How To Create A Business Budget In 14 Simple Steps

Creating a business budget is one of the most important steps you can take to ensure the financial stability of your company. To make things easier for you and your business, we’ve put together a guide to creating a business budget in 14 simple steps! By following these steps, you can create a budget that will help you keep your expenses in check and make sure that you have the funds necessary to grow your business.

 

What exactly is a business budget?

A business budget is a tool that can be used to track and manage your company’s finances. It allows you to see where your money is going and where you can cut costs. A budget can also help you plan for future expenses and make sure that you are not overspending.

Following a budget is important to your business because it allows a company to track and manage their finances. It also helps a business see where they can cut costs, makes future expenses easier to plan for, and prevents overspending. Creating and following a budget is essential for any business looking to maintain financial stability.

How To Create A Business Budget 

Creating a business budget is one of the most important things you can do to protect your company’s financial health and keep it on the path to success. By learning how to create a budget, you can make sure that your expenses are kept in check and that you have the funds necessary to grow your business.

There are a number of benefits to creating and following a budget for your business. These benefits include:

  • Tracking and managing your finances
  • Seeing where you can cut costs
  • Future expense planning
  • Preventing overspending

Creating a business budget is not as difficult as it may seem. With a little time and effort, you can create a budget that will work for your business. Let’s take a look at 14 simple steps to creating a business budget: 

1. Identify What Makes a Good Budget

A good budget is one that meets the specific needs of your business. It should be tailored to your company’s individual spending and revenue patterns. There are a number of factors you will need to take into account when creating your budget, including:

Your Estimated Revenue 

Your budget should always start with your estimated revenue. This is the money you expect to bring in from sales, investments, and other sources. Estimating your revenue can be tricky, but there are a number of methods you can use to get an accurate estimate. These methods include using historical data, industry averages, and market trends.

Your Fixed Costs 

Your fixed costs are those expenses that you will have to pay regardless of how much revenue you bring in. These costs include things like rent, insurance, and salaries. When estimating your fixed costs, be sure to include all of the necessary expenses for running your business.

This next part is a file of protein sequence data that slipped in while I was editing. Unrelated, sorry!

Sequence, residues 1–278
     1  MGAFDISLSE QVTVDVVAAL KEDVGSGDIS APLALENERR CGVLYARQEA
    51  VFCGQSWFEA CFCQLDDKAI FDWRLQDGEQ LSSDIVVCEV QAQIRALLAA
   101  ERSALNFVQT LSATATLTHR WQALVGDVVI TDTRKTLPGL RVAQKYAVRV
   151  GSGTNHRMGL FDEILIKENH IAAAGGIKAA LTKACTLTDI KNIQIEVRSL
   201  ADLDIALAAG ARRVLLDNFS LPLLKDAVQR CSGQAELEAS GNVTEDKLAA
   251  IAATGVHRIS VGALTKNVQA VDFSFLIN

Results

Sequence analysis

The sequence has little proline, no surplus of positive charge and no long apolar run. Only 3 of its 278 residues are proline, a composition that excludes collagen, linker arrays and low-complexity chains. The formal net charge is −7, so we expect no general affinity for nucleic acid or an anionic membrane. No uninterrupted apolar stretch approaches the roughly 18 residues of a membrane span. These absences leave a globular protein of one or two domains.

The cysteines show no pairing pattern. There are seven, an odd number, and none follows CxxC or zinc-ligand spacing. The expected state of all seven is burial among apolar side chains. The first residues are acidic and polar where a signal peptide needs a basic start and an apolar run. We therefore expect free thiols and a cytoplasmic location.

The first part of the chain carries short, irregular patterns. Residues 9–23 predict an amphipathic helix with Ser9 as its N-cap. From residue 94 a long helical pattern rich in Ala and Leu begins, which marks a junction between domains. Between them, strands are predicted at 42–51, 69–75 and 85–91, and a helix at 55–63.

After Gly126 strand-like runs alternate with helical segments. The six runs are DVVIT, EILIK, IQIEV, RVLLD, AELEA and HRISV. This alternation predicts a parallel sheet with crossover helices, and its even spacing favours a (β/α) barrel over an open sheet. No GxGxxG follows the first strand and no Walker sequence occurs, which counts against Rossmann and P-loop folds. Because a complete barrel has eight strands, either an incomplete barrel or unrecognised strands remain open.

Your Variable Costs 

Your variable costs are those expenses that fluctuate based on your revenue. These costs include things like inventory, shipping, and marketing. When estimating your variable costs, be sure to use historical data and industry averages to get an accurate estimate.

Your One-Off Costs 

One-off costs are those expenses that you will only have to pay once. These costs include things like equipment, software, and legal fees. When estimating your one-off costs, be sure to include all of the necessary expenses for setting up your business.

Your Cash Flow 

Your cash flow is the money that you have available to pay your expenses. This includes money from sales, investments, and other sources. When estimating your cash flow, be sure to include all of the necessary sources of income for your business.

Your Profit 

Your profit margin is the amount of money you have left after you pay all of your expenses. This is the money you will use to reinvest in your business or to take home as profit. When estimating your profit margin, be sure to include all of the necessary expenses for running your business.

2. Learn Small Business Budgets for Different Types of Company 

There are a number of different types of business structures, and each one has its own unique budgeting needs. The type of business structure you have will determine the specific budgeting requirements for your business. 

Let’s take a look at the various types of business and how to best budget for them: 

Seasonal Businesses 

Seasonal businesses are those that experience a spike in sales during certain times of the year. This could be due to holidays, weather patterns, or other factors. Seasonal businesses will need to budget for both their busy and slow periods. 

During the busy season, businesses will need to account for increased costs such as inventory, staffing, and marketing. During the slow season, businesses will need to account for decreased revenue and cut costs accordingly. 

Ecommerce Businesses 

Ecommerce businesses are those that sell products or services online. These businesses will need to budget for a number of different costs, including website development, hosting, and marketing. In addition, ecommerce businesses will need to account for the cost of shipping and handling. 

Inventory Businesses 

Places that sell physical goods fall under the category of inventory businesses. These companies will need to budget for the cost of inventory, including the cost of goods sold and storage. In addition, inventory businesses will need to account for the cost of shipping and handling. 

Customer Order Businesses 

Customer order businesses are just as they sound: the business takes orders from the customer and then manufactures or sources the products. These businesses will need to budget for the cost of goods, labor, and shipping. In addition, customer order businesses will need to account for the cost of marketing and advertising. 

Startups 

Startups are businesses that are in the early stages of development. These businesses will need to budget for a number of different costs, including research and development, marketing, and staffing. Depending on where you want to take your startup, you may need to budget in physical spaces, like an office or store, or more abstract needs, like a website or patent. 

Service Businesses 

Service businesses provide a service to their customers, as opposed to a product. These businesses will need to budget for the cost of labor, materials, and overhead. In addition, service businesses will need to account for the cost of marketing and advertising. 

3. Tally Your Income Sources